Two companion papers from Massachusetts General Hospital (MGH) research teams suggest that targeting multiple angiogenesis pathways simultaneously could help overcome the resistance to anti-angiogenic treatment inevitably developed by the devastating brain tumor glioblastoma. Appearing in PNAS Early Edition, the reports describe how two different methods of inhibiting both vascular endothelial growth factor (VEGF) and angiopoietin-2 (Ang-2) in animal models not only normalized tumor blood vessels to a greater extent than anti-VEGF therapy alone but also shifted the action of tumor-infiltrating immune cells from a pro-tumor to an anti-tumor state.
"These papers offer a potential solution for glioblastoma's escape from anti-VEGF therapy, which is mediated by activating alternative growth factor pathways," says Rakesh K. Jain, PhD, director of the Steele Laboratory of Tumor Biology in the MGH Radiation Oncology Department and co-corresponding author of both papers. "In our back-to-back papers we not only provide proof-of-principle data that dual treatment strategies can slow glioblastoma growth and improve survival but also reveal the underlying mechanisms for these benefits."
The most common malignant tumor arising in the brain, glioblastoma is characterized by a highly abnormal, leaky and inefficient blood supply, caused by the overexpression of angiogenic factors like VEGF. These vascular abnormalities lead to swelling around the tumor and poor blood perfusion within the tumor, causing it to become more aggressive and resistant to chemotherapy and radiation treatment. While anti-VEGF treatment has become part of standard postsurgical treatment for glioblastoma, its beneficial effects are temporary and do not extend patient survival.
Previous studies from members of these MGH teams revealed that glioblastoma patients receiving anti-VEGF treatment also had a transient drop in blood levels of Ang-2. Levels of that factor rebounded as tumor progression resumed, suggesting that Ang-2 activity may contribute to resistance to anti-VEGF treatment. The researchers also found that, similar to VEGF, Ang-2 is expressed by all types of glioblastomas. To capture the diversity of different glioblastoma types, the investigators designed two methods of testing whether inhibiting both pathways could overcome treatment resistance.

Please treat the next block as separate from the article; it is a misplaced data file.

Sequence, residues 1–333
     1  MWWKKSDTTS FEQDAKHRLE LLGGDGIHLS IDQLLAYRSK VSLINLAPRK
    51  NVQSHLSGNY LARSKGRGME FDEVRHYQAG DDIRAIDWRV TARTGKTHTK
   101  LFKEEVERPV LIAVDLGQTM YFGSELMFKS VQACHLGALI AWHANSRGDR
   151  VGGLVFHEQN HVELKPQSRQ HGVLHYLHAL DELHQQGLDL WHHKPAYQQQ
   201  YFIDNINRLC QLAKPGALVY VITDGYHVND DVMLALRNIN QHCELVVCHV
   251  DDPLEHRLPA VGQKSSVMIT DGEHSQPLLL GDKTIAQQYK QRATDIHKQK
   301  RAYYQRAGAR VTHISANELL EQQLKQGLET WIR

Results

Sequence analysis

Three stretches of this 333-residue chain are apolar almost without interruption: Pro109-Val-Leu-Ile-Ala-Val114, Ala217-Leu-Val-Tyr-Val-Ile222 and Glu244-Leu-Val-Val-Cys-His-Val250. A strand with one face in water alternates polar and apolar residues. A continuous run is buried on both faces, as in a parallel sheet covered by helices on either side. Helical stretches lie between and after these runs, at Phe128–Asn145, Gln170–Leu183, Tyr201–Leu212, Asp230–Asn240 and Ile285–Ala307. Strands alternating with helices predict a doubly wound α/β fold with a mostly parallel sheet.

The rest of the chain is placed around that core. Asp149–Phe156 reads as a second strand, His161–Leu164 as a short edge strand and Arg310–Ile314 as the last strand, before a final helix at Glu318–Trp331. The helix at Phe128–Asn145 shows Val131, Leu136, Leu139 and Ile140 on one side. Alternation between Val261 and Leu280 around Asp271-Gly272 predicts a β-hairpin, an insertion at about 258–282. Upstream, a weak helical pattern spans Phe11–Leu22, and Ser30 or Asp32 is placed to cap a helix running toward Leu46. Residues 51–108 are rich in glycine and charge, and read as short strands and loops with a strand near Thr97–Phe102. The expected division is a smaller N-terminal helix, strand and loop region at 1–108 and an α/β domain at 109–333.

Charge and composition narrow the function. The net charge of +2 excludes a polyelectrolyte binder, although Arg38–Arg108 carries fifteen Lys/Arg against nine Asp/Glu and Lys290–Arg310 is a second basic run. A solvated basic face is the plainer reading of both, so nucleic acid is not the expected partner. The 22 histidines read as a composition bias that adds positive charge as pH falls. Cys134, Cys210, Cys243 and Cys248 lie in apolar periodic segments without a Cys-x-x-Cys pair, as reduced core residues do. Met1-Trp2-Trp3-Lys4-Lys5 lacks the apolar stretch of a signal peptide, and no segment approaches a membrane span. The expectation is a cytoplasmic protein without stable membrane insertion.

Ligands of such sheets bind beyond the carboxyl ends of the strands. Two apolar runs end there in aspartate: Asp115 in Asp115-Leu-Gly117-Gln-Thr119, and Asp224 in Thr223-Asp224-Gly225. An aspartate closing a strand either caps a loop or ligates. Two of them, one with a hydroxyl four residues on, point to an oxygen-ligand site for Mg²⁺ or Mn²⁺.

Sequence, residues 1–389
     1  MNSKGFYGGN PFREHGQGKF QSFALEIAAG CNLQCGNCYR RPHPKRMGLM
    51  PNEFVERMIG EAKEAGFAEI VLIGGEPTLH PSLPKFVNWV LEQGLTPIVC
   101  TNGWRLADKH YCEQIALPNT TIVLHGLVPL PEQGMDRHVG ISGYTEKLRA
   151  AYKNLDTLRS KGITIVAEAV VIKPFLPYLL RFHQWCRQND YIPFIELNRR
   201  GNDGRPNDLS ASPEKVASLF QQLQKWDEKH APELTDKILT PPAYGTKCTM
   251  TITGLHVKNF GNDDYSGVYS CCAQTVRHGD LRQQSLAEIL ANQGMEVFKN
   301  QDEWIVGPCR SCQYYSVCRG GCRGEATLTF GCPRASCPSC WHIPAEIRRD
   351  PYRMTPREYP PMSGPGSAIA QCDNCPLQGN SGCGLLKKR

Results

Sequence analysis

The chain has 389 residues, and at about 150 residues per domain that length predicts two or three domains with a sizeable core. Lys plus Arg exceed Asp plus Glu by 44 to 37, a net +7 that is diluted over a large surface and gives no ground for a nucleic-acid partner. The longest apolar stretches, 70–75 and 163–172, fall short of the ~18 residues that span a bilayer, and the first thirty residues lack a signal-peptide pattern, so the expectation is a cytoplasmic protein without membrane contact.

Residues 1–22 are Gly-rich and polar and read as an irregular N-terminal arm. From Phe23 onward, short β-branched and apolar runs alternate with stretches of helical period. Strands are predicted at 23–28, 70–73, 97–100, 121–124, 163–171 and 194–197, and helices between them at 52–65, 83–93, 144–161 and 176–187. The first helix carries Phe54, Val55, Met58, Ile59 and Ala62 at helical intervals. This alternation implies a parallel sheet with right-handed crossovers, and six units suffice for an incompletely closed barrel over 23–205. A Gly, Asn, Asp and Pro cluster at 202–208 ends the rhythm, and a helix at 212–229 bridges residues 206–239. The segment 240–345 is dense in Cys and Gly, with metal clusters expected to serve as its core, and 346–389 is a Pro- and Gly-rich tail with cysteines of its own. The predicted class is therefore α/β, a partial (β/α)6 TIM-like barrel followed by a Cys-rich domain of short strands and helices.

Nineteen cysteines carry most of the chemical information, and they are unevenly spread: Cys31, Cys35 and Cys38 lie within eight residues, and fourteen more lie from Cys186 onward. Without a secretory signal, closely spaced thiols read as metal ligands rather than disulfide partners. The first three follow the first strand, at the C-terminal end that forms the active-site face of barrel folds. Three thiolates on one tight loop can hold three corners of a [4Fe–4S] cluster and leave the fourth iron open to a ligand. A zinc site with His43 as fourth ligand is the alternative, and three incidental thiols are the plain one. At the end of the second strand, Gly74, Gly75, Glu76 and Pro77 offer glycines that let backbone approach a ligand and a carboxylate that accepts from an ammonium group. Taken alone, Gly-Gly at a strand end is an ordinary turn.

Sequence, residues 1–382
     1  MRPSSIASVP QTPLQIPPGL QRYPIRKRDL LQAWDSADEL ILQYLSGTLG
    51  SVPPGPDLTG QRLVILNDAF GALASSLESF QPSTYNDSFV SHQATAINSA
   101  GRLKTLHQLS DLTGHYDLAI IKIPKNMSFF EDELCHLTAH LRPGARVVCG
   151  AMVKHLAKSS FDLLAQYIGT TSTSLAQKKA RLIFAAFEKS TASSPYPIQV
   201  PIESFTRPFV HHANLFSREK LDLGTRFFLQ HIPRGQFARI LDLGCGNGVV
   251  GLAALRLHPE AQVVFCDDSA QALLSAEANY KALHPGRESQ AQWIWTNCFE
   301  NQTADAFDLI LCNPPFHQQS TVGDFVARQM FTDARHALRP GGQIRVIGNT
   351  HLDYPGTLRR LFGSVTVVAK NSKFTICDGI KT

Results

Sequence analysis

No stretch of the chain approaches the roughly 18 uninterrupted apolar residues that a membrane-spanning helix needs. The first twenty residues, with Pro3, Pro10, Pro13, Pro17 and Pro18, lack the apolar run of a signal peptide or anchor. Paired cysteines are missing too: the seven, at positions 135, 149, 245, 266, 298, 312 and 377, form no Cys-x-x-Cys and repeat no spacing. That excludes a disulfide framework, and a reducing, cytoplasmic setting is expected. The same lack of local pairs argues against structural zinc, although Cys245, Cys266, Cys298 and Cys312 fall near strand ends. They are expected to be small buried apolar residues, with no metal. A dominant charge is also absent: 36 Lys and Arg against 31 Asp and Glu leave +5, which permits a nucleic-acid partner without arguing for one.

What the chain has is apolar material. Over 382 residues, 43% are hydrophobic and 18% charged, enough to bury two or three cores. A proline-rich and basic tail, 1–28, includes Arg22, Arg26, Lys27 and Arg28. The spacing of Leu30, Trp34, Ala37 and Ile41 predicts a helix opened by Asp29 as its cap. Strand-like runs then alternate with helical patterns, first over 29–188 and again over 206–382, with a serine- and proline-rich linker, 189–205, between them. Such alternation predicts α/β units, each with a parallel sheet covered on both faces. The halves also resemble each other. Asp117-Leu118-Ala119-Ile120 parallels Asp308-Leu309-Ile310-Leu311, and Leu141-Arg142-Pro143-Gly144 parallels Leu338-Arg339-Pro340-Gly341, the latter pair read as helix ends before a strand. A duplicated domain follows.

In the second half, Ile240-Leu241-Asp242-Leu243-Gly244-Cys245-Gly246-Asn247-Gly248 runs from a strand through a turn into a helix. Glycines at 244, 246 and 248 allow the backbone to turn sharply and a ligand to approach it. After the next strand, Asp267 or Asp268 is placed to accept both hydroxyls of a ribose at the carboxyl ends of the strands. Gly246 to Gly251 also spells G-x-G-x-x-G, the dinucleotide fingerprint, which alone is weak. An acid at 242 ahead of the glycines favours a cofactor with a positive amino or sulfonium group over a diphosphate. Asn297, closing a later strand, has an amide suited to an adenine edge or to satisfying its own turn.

One approach combined the use of the experimental oral anti-VEGF drug cediranib with an Ang-2-neutralizing antibody in two mouse models of glioblastoma and found that dual therapy improved blood vessel normalization and extended survival compared with cediranib treatment alone. Dual therapy also attracted tumor-associated macrophages (TAMs) to the tumors and increased the proportion of the anti-tumor form of those immune cells. Importantly, blocking the migration of TAMs to tumors reduced the benefits of dual therapy.
The second study used an antibody that targets both VEGF and Ang-2 and showed that dual treatment improved the architecture of tumor vessels in a mouse model with abnormal vessels. TAMs were reprogrammed to an anti-tumor state in both this tumor model and in another model not characterized by abnormal vasculature, indicating that vascular normalization was not the only mechanism of benefit. In fact, dual therapy promoted anti-tumor immunity by shifting the population of TAMs towards an anti-tumor form, consistent with the first study but regardless of whether or not surrounding blood vessels were abnormal.
"Our studies indicate that dual targeting of VEGF and Ang-2 could overcome some of the shortcomings of currently available glioblastoma therapies," says Jain, who is the Andrew Werk Cook Professor of Tumor Biology at Harvard Medical School. "Clinically accessible agents are currently available for this dual targeting strategy, and our finding that dual therapy can also improve anti-tumor immune responses, irrespective of its effect on blood vessels, is particularly timely given the rapid development of new immunotherapies. These results open new avenues of research on novel combinations to obtain more durable results against this devastating disease."
The co-lead authors of the study combining cediranib with an Ang-2 antibody are Teresa Peterson, Nathaniel Kirkpatrick and Yuhui Huang, all of the Steele Labs at MGH; and Dai Fukumura, MD, PhD, of the Steele Labs is co-corresponding author. Co-lead author of the study using the VEGF/Ang-2 antibody are Jonas Kloepper, Lars Riedemann, and Zohreh Amoozgar, of the Steele Labs; and Tracy Batchelor, MD, MGH Departments of Neurology and Radiation Oncology, is co-corresponding author. Support for the studies includes National Cancer Institute grants P01-CA080124 and P50-CA165962 and grants from MedImmune, Roche and the National Foundation for Cancer Research.
Massachusetts General Hospital, founded in 1811, is the original and largest teaching hospital of Harvard Medical School. The MGH conducts the largest hospital-based research program in the United States, with an annual research budget of more than $800 million and major research centers in AIDS, cardiovascular research, cancer, computational and integrative biology, cutaneous biology, human genetics, medical imaging, neurodegenerative disorders, regenerative medicine, reproductive biology, systems biology, transplantation biology and photomedicine. In July 2015, MGH returned into the number one spot on the 2015-16 U.S. News & World Report list of "America's Best Hospitals."